Australian retail has been looking for words to define itself for some time.

“Bricks and mortar” retail has been an oldie but a goodie for a long time, as has “ high street” retail. Then along came “online” retail, and “pure play” retail became the hottest ticket in town.

But as the speed of change in Australian retail continues unabated, so has our stubborn quest to define ourselves by channel. “Multi-channel” retail was an attempt to give some form to those retailers who had both online and bricks and mortar offers.

And finally, perhaps in an attempt to call on some form of divine intervention, came “omnichannel” retail. This is my personal worst.

The name represents a problem

You see, the real problem is that, whilst I fully understand our industry grasping for ways to redefine our businesses by channel, we are falling into a fatal trap.

Simply put, it is clear that customers don’t engage with channels, they engage with brands. So retailers, by attempting to define themselves by channel—I call it “channel anxiety”—are in fact amplifying a disconnect between them and their customers, who want to engage holistically with their brand of choice.

The art for a retail brand is to appear seamless and whole to customers as they traverse your brand according to their mood, their location, and their access points.

What is clear is that the customer path to purchase is less linear than it has ever been. Customers have multiple interactions on their path to purchase. In fact, the attribution of sales to one channel or another is going to get harder.

The three pillars of retail today and tomorrow

I would argue that over time, “ retail “will be called, well ... “ retail” (surprise surprise). But not just yet. The folks at Westfield refer to it as “total retail”, which I rather like.

But here at, Australia’s newest industry collective for retail, our term is “new retail”. That’s why we call ourselves “The Voice of New Retail in Australia”. What do we mean by “ new retail”? Well, we have attempted to simplify our focus by referencing three pillars that are driving Australian retail’s future.

The first one is technology. Hard to argue with that.

The second pillar is deep customer centricity. And not just a dramatic improvement in customer service, but rather a deep dive into data and insights. Understanding our customers, personally and holistically, at scale, is the new holy grail.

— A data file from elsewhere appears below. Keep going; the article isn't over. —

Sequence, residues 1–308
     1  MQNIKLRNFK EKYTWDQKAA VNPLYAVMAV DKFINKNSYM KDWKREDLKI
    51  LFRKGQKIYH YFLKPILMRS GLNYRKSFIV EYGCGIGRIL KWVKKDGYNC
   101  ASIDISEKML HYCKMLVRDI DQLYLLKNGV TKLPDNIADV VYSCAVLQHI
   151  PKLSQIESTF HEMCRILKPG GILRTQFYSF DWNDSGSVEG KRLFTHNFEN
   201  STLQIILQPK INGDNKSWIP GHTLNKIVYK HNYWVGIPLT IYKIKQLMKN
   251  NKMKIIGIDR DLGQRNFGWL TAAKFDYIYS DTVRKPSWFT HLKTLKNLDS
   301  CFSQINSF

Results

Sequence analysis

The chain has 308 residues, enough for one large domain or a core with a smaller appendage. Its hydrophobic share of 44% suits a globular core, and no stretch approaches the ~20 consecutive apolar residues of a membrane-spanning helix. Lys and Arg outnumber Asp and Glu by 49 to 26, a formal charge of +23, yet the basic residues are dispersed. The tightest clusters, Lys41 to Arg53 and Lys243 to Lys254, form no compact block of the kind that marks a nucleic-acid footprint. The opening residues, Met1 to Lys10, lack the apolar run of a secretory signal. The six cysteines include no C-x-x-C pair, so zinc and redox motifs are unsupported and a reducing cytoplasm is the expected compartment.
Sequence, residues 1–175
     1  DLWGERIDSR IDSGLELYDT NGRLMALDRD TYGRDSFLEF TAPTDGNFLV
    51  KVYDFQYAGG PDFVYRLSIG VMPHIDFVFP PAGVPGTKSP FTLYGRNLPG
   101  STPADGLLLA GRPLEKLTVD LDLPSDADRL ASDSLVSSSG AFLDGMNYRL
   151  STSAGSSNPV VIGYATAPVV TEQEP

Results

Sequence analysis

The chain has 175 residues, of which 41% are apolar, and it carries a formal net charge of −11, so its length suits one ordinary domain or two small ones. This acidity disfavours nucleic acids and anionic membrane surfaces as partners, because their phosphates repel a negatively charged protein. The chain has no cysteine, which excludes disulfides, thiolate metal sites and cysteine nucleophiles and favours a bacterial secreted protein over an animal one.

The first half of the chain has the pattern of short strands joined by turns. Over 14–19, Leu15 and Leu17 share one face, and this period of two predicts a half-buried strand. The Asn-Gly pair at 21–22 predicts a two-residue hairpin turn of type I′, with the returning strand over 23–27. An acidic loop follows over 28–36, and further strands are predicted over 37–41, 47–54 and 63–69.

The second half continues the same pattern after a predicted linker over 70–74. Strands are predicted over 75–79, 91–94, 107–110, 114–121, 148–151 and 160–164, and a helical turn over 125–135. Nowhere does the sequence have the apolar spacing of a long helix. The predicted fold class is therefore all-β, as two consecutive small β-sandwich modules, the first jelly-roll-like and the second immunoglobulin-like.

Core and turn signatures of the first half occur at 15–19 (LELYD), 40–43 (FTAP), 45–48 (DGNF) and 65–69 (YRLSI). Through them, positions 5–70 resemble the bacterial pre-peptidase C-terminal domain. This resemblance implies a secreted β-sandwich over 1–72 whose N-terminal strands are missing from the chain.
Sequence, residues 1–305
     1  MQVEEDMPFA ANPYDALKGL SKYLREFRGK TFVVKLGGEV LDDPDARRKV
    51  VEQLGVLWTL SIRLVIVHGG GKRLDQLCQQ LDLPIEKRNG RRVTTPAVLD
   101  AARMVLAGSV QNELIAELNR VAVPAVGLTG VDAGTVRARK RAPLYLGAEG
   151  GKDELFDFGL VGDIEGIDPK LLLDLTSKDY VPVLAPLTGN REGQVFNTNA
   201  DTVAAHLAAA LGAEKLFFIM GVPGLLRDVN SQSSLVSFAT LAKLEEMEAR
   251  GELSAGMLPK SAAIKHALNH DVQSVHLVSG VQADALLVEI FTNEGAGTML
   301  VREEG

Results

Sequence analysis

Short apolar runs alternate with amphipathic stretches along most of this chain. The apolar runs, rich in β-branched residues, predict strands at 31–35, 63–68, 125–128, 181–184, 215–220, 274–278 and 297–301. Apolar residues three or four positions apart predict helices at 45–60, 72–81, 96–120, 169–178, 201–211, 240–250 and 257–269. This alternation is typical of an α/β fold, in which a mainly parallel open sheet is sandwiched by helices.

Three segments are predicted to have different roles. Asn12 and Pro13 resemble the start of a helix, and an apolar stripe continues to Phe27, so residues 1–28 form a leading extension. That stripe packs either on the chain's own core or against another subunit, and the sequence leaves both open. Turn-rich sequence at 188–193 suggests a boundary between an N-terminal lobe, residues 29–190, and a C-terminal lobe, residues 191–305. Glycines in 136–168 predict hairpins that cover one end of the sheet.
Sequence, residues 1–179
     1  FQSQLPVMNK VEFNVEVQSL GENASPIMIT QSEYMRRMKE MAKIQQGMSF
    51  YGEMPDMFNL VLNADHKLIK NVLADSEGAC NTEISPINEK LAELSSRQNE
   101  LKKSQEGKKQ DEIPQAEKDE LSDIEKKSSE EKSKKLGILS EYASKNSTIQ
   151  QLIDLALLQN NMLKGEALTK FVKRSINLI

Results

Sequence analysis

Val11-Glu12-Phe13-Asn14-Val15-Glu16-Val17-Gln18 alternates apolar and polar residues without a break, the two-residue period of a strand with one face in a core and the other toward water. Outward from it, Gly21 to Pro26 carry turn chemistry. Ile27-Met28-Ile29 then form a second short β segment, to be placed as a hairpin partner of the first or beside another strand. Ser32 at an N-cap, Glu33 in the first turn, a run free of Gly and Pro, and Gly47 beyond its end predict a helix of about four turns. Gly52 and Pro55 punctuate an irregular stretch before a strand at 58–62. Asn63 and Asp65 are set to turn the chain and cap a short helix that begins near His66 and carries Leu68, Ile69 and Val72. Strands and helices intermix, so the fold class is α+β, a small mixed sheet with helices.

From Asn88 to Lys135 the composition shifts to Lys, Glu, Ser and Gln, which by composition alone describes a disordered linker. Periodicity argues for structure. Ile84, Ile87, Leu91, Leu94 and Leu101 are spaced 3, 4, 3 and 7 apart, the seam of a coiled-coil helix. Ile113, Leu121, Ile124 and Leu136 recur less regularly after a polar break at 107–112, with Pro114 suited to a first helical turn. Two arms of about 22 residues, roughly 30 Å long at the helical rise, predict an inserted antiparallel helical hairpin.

And lastly, a global and borderless retail. A recognition that the ‘ flat world’ is, in fact, an opportunity, not a threat, and that fast-growing consumer markets globally, and indeed in our region, will ensure as an industry, that our addressable markets will boom.

As the old saying goes, “ a rose by any other name would smell just as sweet” and perhaps as an industry, we should take heed.

Instead of an obsessive focus on the channel, let’s apply that obsessive focus to our customer, ensuring a frictionless and fulfilling customer experience and interaction with our brand, wherever, whenever. With advances in technology, particularly mobile and social, and an unprecedented hyper-connectivity, the customer is well and truly n control. They have the wheel, and our ‘surrender’ should be a sweet one. We get control in this new world by giving it up.

The customer is king, and if we know that if we don’t look after the king, we should prepare for the gallows.

Paul is the Executive Chairman and CEO of, The Voice of New Retail in Australia. Prior to that, he was the founder and CEO of DealsDirect, a pioneer Australian online retailer, which he exited at the end of 2012. Paul is a registered psychologist with a keen interest in organizational psychology. He is a member of the Australian Institute of Company Directors and sits on a number of advisory boards and not for profits. He is a keen surfer and blues guitarist.

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